17 November 2009
Geneva – Communities from 47 towns in Brazil’s Amazon Region will benefit from a € 17 million Global Fund grant to treat and prevent malaria in the next two years. The total lifetime value of the grant is € 37 million, to be spent over five years.
The grant aims to halve the number of cases by 2014 in the selected areas.
The resources will fund the Project for Malaria Prevention and Control in the Brazilian Amazon, which has been launched on Monday (November 16) in Manaus (State of Amazonas’ capital) by the Minister of Health, José Gomes Temporão. In Brazil, 99% of malaria transmission takes place in the Amazon region.
The Global Fund to Fight Aids, Tuberculosis and Malaria has approved € 17 million for the grant’s first phase. The second phase is awarded after two years, and is conditional on a positive evaluation of the work already done. The grant will be implemented by the Amazonas Tropical Medicine Foundation and the University of São Paulo Medical School Foundation, starting in 2010.
Around 70% of malaria transmission in Brazil in 2007 took place in the 47 Amazon towns selected to benefit from the grant.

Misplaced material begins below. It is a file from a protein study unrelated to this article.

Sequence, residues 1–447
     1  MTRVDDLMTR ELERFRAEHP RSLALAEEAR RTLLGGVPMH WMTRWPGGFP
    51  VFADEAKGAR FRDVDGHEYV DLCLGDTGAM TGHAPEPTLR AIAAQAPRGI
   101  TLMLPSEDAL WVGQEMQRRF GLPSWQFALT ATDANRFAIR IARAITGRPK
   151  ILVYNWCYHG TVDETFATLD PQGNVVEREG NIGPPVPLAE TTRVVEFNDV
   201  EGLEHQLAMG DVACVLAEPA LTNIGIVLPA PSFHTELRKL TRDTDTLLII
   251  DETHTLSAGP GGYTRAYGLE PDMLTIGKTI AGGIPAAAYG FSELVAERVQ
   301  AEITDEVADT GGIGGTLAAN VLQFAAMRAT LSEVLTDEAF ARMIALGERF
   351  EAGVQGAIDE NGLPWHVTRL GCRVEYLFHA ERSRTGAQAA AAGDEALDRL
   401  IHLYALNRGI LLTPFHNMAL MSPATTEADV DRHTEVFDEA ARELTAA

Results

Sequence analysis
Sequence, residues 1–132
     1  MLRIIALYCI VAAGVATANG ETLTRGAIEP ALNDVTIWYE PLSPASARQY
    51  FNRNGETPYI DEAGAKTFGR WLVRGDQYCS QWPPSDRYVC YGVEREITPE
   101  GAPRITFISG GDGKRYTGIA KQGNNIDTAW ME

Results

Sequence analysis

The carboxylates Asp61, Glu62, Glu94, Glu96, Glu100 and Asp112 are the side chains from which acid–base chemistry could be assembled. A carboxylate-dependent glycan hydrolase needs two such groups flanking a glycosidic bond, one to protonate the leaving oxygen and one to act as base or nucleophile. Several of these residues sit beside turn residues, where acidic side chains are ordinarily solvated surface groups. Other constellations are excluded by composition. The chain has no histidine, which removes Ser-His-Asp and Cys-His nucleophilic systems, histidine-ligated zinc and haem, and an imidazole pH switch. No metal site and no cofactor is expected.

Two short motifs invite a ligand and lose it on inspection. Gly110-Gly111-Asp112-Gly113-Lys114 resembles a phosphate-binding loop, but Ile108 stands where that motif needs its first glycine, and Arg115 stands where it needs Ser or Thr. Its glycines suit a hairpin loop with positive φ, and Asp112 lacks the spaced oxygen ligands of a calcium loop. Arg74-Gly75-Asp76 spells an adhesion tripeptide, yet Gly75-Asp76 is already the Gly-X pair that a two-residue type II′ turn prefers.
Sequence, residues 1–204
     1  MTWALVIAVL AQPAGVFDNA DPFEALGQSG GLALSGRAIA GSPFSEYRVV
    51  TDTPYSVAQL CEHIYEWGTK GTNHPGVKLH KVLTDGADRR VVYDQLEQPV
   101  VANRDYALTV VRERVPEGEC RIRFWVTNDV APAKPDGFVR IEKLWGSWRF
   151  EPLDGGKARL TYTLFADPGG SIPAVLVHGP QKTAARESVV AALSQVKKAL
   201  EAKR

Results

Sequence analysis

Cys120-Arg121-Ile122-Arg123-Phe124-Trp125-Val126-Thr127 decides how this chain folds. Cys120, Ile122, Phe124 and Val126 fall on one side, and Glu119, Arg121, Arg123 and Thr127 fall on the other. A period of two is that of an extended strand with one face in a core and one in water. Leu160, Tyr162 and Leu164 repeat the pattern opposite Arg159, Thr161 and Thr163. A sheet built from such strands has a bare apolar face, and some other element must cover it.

The project will carry out faster diagnosis, early and effective treatment and distribution of long-lasting insecticidal mosquito nets. To achieve that, the grant implementers will rely on community-based organizations and leaders.
“The role of the community leaders is essential to ensure the acceptance and use of mosquito nets, as well as to encourage people to look for early diagnosis and follow the treatment”, said José Ladislau, coordinator of Brazil’s National Programme for Malaria Control.
Brazil is currently implementing another Global Fund grant, focused on tuberculosis. Started on May 2007, the grant is now entering the second phase.
“I am glad we are able to support Brazil in the fight against malaria, a serious threat to the people living in the Amazon region”, said Professor Michel Kazatchkine, the Executive Director of the Global Fund. “I hope our collaboration continues and expands, helping Brazil to reach the health-related Millennium Development Goals.”